Santa Monica and Glendale are an unlikely match. One is a coastal city known for its shoreline; the other is an inland hub for large entertainment campuses. However, the two markets are close in age and in similar phases of growth—making them the perfect case study to take a closer look at development policies and public planning.

"Both Glendale and Santa Monica were incorporated a little over a hundred years ago as independent cities from Los Angeles, and generally followed similar growth patterns up until the 1980s," Alan Loomis, principal of urban design at PlaceWorks, tells "Both cities were connected to downtown Los Angeles via streetcar, and the streetcar routes helped establish the basic business districts we still see today."

The two cities also offer similar local amenities—or did at one time—like an airport, hospital and retail. "Both cities had a regional airport that originated as airfields for aircraft manufacturers. Santa Monica's still operates as a local airport, but Glendale's was long ago closed and developed as an industrial park, which is now largely occupied by various Disney business divisions," says Loomis. "Large regional hospitals and associated medical businesses are located in both Glendale and Santa Monica. Both cities built an enclosed shopping mall on the edge of their respective downtowns in the 1970s."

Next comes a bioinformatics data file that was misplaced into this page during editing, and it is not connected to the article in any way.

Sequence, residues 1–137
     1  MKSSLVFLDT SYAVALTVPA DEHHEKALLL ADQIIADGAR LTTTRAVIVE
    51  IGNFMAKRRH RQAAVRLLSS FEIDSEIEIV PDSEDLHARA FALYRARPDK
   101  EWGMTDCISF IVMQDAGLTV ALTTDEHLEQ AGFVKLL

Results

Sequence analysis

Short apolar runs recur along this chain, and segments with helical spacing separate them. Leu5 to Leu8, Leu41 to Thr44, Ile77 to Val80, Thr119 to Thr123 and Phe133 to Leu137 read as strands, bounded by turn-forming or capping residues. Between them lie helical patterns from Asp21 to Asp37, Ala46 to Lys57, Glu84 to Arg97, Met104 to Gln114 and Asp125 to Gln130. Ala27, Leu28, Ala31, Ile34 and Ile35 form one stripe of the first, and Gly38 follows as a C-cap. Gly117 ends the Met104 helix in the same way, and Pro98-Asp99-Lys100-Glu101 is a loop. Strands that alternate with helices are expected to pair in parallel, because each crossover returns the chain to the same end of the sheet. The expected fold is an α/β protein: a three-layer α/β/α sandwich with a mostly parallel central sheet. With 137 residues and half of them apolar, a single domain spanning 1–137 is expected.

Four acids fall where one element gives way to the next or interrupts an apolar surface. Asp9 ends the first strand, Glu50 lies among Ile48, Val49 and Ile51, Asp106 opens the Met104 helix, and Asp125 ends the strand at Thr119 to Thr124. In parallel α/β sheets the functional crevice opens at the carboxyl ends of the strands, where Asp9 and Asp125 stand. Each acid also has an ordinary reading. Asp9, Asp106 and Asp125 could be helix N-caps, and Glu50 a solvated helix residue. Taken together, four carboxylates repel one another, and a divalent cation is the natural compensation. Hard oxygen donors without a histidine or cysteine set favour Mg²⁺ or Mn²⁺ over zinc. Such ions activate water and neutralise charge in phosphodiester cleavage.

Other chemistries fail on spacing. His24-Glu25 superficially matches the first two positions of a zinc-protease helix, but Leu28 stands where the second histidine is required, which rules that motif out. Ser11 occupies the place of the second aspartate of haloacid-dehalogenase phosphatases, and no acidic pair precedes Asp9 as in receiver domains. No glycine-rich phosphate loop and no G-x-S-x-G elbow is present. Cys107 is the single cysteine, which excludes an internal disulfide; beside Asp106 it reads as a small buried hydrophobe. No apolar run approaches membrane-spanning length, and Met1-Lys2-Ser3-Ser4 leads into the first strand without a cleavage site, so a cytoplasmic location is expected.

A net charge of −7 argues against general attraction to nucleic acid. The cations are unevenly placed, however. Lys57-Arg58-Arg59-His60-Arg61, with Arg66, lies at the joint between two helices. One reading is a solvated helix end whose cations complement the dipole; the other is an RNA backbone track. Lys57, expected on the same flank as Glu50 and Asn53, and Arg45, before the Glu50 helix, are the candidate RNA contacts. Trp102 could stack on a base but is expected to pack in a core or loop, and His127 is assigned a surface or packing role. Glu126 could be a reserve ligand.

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Kelsi Maree Borland

Kelsi Maree Borland is a freelance journalist and magazine writer based in Los Angeles, California. For more than 5 years, she has extensively reported on the commercial real estate industry, covering major deals across all commercial asset classes, investment strategy and capital markets trends, market commentary, economic trends and new technologies disrupting and revolutionizing the industry. Her work appears daily on and regularly in Real Estate Forum Magazine. As a magazine writer, she covers lifestyle and travel trends. Her work has appeared in Angeleno, Los Angeles Magazine, Travel and Leisure and more.